Anyone arriving in Canada starting Jan. 7 will need to have a negative COVID-19 test before boarding a flight, the federal government said Thursday as the Liberals urged vacationers abroad to prepare.
Flyers aged five and up will need have a negative PCR test within 72 hours of their scheduled departure and must show the results to their airline before they board their flight.
Travellers who receive a negative test result must still complete the mandatory 14-day quarantine upon their arrival in Canada.
Either before or upon arrival, travellers will have to provide a quarantine plan for federal officials to review. If officials aren’t satisfied, the government said people will be required to quarantine in a federal facility.
The statement that came hours before the start of 2021 said Canadians vacationing abroad should immediately start arranging for a COVID-19 test to avoid delays in coming home.
The details arrived one day after cabinet ministers decided that Canada would join other countries in making a negative PCR test a travel requirement. A PCR test is designed to detect minute amounts of the novel coronavirus that causes COVID-19, usually through a swab up the nose or in the mouth.
Transport Minister Marc Garneau had been in contact with airlines on Wednesday as the high-level details rolled out. On Thursday, the government said the Jan. 7 start date was designed to provide airlines with enough time to comply with the new rules.
The National Airlines Council of Canada, which represents the country’s largest airlines, warned of major issues in Ottawa’s plans, including what options passengers have if their jurisdiction does not offer the kind of test the government accepts.
A trio of Opposition Conservatives critics said in statement that the Liberals were effectively making international airline workers with no ties to Canada act as screening agents, and causing more instability for Canadian airlines.
Health critic Michelle Rempel Garner, transport critic Stephanie Kusie and public services critic Pierre Paul-Hus also raised concerns about possible lags in getting test results and the ability of airline agents to prevent or recognize fraudulent test certificates.
“Choosing to use unverifiable test certificates issued abroad, as opposed to post-arrival screening conducted by Canadian authorities, is populist policy designed to quell new headlines and put airline workers out of a job, as opposed to delivering solid public health outcomes for Canadians,” part of their statement said.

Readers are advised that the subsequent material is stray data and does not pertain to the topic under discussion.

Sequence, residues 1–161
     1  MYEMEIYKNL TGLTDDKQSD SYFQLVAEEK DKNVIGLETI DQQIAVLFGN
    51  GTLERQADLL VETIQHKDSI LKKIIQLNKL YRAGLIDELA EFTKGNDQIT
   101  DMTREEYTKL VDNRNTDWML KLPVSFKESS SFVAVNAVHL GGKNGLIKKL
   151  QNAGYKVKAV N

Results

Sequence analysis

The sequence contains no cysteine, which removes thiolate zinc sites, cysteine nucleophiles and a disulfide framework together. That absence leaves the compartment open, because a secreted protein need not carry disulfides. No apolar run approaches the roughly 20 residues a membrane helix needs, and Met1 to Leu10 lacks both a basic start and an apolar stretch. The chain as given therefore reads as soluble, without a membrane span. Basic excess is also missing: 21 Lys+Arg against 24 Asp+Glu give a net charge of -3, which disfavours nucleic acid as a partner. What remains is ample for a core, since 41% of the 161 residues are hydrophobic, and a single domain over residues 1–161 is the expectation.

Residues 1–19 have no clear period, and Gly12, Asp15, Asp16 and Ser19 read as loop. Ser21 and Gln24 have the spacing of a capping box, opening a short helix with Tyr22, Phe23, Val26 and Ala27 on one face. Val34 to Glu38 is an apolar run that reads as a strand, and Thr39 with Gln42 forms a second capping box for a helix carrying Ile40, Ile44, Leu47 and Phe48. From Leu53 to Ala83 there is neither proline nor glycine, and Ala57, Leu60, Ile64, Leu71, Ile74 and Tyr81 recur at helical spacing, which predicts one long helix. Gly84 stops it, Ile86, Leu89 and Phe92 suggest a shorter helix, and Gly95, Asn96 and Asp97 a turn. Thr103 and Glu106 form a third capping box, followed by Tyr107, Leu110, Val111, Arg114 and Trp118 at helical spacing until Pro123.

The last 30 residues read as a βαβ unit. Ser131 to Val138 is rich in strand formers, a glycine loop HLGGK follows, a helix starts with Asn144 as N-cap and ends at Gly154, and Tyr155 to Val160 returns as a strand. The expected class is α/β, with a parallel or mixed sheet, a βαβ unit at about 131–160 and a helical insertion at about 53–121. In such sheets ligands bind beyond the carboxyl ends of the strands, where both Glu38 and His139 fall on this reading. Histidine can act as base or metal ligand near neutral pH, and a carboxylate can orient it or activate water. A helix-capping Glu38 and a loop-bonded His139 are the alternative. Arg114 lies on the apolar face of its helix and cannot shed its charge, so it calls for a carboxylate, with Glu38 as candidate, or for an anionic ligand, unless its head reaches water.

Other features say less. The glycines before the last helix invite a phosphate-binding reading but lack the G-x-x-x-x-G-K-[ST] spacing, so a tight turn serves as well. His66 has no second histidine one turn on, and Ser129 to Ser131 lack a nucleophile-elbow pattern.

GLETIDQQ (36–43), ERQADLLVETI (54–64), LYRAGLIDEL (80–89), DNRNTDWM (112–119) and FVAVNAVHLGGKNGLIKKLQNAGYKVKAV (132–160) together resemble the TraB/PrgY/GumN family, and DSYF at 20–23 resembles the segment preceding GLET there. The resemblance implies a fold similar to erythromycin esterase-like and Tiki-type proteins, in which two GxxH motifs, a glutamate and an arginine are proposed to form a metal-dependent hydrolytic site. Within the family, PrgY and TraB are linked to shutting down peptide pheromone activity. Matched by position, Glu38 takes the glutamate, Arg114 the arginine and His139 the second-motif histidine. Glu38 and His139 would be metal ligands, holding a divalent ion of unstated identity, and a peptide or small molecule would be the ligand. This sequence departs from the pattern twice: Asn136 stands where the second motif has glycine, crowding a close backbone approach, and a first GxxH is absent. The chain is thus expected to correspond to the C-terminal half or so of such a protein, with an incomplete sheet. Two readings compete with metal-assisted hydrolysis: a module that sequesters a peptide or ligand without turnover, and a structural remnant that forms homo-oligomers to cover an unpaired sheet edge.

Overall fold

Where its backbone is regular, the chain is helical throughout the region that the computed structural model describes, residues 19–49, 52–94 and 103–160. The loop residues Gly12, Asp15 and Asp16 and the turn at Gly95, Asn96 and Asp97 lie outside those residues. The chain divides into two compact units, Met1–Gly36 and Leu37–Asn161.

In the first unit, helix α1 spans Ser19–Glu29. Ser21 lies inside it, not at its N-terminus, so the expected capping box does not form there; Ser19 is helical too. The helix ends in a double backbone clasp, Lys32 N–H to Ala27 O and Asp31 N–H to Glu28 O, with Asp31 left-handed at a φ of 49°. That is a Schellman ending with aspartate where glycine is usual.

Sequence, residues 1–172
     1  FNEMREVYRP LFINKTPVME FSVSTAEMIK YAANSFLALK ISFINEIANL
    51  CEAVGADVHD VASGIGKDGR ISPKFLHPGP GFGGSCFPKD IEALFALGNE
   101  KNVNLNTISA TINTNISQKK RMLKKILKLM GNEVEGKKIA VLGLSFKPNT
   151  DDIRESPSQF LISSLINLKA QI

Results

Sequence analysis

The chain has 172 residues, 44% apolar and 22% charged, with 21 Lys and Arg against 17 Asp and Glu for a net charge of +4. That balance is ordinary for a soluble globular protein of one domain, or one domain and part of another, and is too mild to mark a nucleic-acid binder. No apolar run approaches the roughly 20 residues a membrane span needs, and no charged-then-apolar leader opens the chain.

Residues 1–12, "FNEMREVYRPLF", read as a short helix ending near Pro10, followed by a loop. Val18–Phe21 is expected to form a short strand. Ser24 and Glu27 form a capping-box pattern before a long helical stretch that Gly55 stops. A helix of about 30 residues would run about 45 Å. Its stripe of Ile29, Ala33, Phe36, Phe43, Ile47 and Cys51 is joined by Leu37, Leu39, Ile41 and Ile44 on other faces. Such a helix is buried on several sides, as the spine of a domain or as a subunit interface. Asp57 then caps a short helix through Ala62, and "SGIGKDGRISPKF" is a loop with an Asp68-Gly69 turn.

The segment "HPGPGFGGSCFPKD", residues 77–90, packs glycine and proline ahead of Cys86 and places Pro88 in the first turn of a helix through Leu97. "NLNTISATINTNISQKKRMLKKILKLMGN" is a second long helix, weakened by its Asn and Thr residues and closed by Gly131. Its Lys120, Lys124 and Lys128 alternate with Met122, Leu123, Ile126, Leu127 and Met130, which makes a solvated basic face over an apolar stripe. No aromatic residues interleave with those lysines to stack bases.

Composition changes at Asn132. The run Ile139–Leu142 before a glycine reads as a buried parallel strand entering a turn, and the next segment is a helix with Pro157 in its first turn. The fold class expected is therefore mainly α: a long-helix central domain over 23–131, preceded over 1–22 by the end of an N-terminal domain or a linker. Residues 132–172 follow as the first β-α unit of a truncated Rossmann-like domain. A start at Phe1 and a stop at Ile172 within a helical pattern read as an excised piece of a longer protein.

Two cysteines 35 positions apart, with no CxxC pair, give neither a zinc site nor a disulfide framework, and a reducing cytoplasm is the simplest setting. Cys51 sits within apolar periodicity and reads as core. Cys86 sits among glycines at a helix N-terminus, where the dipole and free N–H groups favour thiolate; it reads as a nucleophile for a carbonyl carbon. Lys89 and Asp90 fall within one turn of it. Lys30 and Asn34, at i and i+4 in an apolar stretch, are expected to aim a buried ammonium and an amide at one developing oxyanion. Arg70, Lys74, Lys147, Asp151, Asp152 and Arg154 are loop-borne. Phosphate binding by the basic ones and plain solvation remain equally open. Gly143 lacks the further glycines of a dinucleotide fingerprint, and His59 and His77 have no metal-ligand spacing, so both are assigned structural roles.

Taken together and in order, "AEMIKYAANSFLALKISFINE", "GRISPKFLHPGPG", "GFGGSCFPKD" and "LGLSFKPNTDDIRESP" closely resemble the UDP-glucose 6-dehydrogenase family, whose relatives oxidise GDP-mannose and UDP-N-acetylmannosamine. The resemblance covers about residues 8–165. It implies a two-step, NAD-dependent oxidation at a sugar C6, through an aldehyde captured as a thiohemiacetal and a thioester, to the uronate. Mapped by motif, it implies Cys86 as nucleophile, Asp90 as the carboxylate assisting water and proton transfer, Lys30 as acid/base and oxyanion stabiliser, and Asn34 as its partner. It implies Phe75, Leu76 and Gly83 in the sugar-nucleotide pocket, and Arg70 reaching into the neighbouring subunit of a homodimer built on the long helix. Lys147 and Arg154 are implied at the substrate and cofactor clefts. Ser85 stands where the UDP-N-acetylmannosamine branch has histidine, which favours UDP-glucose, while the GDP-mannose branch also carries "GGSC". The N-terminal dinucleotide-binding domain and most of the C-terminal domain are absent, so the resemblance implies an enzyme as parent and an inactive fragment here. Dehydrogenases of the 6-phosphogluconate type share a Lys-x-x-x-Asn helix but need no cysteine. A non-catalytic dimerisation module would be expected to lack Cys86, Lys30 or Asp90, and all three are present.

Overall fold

The new federal testing requirement will only apply for air travellers, but Bloc Quebecois Leader Yves-Francois Blanchet argued it should apply at all ports of entry. He also said the government should make sure that thousands of Canadians are reimbursed for travel plans that have been interrupted or cancelled due to COVID-19 restrictions.
It is essential that Canadians also understand that personal sacrifices are key to helping end the pandemic, Blanchet said in a statement.
Canada’s chief public health officer, Dr. Theresa Tam, said in a statement she was concerned some Canadians are still travelling for non-essential reasons despite advice to avoid doing so.
“I am asking Canadians to reassess any travel plans,” she said.
Some haven’t, including politicians who now find themselves in hot water.
Among them is Rod Phillips, who resigned as Ontario’s finance minister shortly after returning home Thursday morning from a two-week Caribbean vacation amid a provincewide lockdown.
In a video posted late Wednesday, Rempel Garner called Phillips’ decision dumb. Phillips used the same word hours later when he landed at Toronto’s Pearson International Airport.
Rempel Garner’s husband is in Oklahoma. In the video she talked about not being able to see him or her mother-in-law who has cancer, noting at one point, “Thanks, Rod. I don’t get to see my mother-in-law now because there’ll be a witch-hunt if I go see my family.”
In Saskatchewan, provincial Highways Minister Joe Hargrave apologized for travelling to Palm Springs, Calif., with his wife over the holidays. Although he called it an “essential” trip because he was selling a home there, Hargrave said it was a mistake to travel while so many others are making sacrifices during the pandemic.